Review of HIAA Keynote Lecture by Talin Grigor

The final keynote of the HIAA conference was delivered by Professor Talinn Grigor of University of California Davis Arts. Entitled ‘Modernism as (a)Politics: Marginality and the Autotomizing Discourse on Architecture in Pahlavi Iran’, Professor Grigor charted the pivotal involvement of architects from religious minority backgrounds in the construction of a new Iran during the 1930’s to the 1960’s. The talk began by setting the scene that surrounded the advent of Iranian involvement with Modernist architecture. Grigor introduced Gabriel Guévrékian (b.1892/1900 – d.1970), an architect of Armenian heritage who became instrumental in the Congrés International d’Architecture Moderne (CIAM) (founded in 1928 and disbanded in 1959) alongside Le Corbusier. CIAM’s manifesto on architecture suggested an ambivalent relationship to the state: although there was a split between design and politics for many Modernist architects, there was an overriding belief that social problems could be remedied by urban planning and these mega projects needed the patronage of those in command of the state. In a political atmosphere where the Bauhaus met its end at the hands of the Nazis in 1933, architects needed to shape the nature of their relationship with power. As leaders of the Modernist movement dispersed to climes beyond Europe, Guévrékian accepted an invitation in 1933 from Reza Shah Pahlavi (r.1925-1941) to act as the chief architect who would erect a contemporary vision of Iran. This was a project that entailed superseding the ad-hoc quotations of Safavid (1501-1736) and Victorian decorative styles which comprised the urban schema of the previous Qajar dynasty (1785-1925) with a distinctly modern update.

Talinn Grigor

Grigor then took the opportunity to posit the key questions which informed her research into the subject of this talk. Firstly, why, given the staunch nationalist prerogative of Reza Shah did the most eminent Modernists emerge from Iran’s ethnic and religious minorities? And secondly, how did these figures come to pursue architecture in the first place, and then succeed in realizing the Pahlavi Modernist vision?

During the interwar years, those from Armenian, Christian, Zoroastrian, Jewish and Baha’i backgrounds came to serve as the pioneers of Iranian Modernism and built a secular vision for the country. Despite the homogenising policies of a new, burgeoning Pahlavi nationalism, marginality could be seen as a privilege: those on the periphery could enjoy both a degree of separation from the masses in belonging to a small community whilst taking a space on the international stage of Modernist architecture. This was also a process of integrating modernity into the larger Iranian polity. In an expansion on the structure of modernity laid out by Naser al-Din Shah Qajar (r.1848-1896), Modernism gestated in the schools which were set up for minority communities. Vartan Hovanessian, the second Modernist architect to return to Iran after having trained at the École des Beaux-Arts in Paris, set out on building an arts academy for Armenian girls to serve the needs of the arts and women’s education. Institutions like this set the contemporary standards for architecture and attracted the attention of the Pahlavi cultural elite.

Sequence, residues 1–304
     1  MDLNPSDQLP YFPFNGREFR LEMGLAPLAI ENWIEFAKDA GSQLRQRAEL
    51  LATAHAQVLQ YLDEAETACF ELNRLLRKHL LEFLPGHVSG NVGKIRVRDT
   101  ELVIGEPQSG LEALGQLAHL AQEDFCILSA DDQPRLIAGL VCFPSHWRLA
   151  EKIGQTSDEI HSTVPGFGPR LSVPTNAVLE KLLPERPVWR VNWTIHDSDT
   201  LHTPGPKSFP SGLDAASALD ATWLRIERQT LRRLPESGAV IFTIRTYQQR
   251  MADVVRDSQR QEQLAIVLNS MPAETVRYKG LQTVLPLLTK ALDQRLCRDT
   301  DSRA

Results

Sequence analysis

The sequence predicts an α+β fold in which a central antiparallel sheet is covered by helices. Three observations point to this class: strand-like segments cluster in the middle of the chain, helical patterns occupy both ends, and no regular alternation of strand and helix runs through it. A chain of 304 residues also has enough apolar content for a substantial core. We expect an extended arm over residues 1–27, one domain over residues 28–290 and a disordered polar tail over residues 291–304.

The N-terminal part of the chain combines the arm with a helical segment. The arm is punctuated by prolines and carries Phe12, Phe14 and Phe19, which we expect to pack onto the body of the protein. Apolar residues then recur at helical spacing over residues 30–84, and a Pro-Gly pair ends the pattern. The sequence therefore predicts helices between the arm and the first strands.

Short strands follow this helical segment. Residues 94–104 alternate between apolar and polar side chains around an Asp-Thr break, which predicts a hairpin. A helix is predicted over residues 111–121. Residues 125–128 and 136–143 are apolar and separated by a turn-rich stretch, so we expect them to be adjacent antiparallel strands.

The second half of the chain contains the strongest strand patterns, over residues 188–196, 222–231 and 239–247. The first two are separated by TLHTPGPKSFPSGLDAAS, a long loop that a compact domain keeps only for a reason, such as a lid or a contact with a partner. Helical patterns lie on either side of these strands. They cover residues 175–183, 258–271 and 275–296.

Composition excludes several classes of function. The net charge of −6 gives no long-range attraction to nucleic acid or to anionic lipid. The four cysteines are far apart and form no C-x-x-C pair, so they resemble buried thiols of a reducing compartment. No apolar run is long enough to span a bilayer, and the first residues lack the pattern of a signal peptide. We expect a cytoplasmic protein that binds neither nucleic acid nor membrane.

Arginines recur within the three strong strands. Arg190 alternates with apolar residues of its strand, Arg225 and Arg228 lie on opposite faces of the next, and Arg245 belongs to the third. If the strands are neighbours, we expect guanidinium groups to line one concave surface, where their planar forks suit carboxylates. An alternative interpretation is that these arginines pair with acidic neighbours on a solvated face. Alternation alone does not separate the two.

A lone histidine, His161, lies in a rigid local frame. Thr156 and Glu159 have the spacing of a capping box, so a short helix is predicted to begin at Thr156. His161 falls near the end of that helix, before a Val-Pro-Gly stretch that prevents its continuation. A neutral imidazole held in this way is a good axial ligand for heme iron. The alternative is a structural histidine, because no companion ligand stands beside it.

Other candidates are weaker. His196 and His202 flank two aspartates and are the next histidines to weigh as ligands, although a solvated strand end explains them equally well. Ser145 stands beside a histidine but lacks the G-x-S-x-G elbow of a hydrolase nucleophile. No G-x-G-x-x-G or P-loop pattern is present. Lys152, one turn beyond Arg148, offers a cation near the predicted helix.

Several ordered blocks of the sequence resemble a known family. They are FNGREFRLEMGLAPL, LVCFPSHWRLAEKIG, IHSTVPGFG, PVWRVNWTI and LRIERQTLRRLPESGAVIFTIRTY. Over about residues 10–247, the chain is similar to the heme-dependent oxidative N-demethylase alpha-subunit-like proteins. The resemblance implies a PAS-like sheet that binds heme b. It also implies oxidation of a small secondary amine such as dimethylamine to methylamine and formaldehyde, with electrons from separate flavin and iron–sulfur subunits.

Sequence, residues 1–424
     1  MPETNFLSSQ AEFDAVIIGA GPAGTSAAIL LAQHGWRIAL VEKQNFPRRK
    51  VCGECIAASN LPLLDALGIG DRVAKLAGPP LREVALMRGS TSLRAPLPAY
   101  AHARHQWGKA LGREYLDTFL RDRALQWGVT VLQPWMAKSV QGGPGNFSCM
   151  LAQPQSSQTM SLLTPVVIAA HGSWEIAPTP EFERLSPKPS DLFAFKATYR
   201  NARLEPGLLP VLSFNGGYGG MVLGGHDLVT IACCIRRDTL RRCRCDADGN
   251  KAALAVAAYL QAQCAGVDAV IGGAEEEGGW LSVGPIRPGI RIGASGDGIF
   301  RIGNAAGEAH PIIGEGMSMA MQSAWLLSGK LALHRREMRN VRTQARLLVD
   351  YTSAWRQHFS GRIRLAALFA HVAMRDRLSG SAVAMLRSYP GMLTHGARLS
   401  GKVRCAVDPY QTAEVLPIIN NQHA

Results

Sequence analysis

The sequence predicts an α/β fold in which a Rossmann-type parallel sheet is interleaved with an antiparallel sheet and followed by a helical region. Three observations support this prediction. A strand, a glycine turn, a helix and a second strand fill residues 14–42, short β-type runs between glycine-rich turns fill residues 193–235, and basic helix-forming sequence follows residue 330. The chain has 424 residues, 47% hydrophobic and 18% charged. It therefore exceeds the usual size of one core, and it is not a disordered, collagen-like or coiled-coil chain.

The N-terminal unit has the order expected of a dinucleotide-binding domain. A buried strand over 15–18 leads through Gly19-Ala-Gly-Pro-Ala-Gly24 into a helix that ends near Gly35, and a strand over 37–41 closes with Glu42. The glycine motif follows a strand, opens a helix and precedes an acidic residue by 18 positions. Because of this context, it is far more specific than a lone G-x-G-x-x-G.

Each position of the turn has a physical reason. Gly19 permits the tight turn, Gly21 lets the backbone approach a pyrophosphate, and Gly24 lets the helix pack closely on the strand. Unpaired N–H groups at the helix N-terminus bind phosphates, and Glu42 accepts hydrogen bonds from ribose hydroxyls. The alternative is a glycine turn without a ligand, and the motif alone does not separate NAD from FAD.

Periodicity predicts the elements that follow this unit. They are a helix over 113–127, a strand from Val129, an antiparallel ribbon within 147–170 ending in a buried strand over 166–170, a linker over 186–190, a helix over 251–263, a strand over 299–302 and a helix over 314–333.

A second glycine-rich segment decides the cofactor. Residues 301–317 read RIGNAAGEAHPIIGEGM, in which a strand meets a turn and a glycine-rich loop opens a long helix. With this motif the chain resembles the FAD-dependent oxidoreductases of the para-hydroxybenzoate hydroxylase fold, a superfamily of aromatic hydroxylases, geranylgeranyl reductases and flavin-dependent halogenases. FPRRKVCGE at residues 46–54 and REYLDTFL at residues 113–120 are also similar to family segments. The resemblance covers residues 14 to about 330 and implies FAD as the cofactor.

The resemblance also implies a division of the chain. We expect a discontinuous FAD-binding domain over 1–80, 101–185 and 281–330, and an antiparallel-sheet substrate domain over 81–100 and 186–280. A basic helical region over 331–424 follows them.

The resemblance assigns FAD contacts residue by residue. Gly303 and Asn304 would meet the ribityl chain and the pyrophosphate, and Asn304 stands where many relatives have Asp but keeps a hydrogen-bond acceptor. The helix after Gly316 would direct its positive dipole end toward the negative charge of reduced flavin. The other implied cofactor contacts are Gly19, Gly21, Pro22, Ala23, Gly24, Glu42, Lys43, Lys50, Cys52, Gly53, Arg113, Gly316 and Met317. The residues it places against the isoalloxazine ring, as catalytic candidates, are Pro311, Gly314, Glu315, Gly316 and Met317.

Meanwhile, Guévrékian worked to apply the Modernist aesthetic to all public structures. This new modernity was primarily articulated in the spaces of the bourgeoisie – spaces of middle class leisure, from swimming pools to cinemas such as the Metropole and the Diana that ushered in a new aesthetic. Innovation and interaction went hand in hand. The wealthiest families of Northern Tehran, however, interpreted Modernity though their own commissions, which created a clean minimalism of columns and dissected tiers that was informed by an enduring upper-class affection for the Neo-Classical. At the highest rung of society, imperial projects displayed an eclectic and revivalist style which borrowed from an inheritance of Qajar buildings, Sassanian motifs and Safavid conventions. Tehran’s green and white marble palaces within the Sa’dabad complex displayed this fusion of old and new, whilst the likes of Karim Tehrarzadeh Behzad oversaw projects for the north façade of the parliament building and the mausoleum of Ferdowsi in Tus, north-eastern Iran in an imposing, monumental style.

Bank Melli, Iran, Sandogh Pasandaz

The readiness of patronage, Iran’s economic buoyancy and its rich social atmosphere made it the ideal soil in which to plant an idiosyncratic, localised Modernism. The likes of Hovanessian, Mohsen Forughi and Keyqabad Zafar tried to remain apolitical, tussling between an Avant Garde spirit and the parameters set out by official endorsement. In journals such as L’Architect, practitioners set out architecture as a solely technical endeavour. Many even went as far as refusing the residual attraction to historicism; the past was not seen as the direction in which to approach the future, with the motifs of lions and cows – as quoted from the capitals of the columns of Persepolis – being perched outside the building of Tehran’s national bank being seen as implicit in “turning the capital into a zoo”.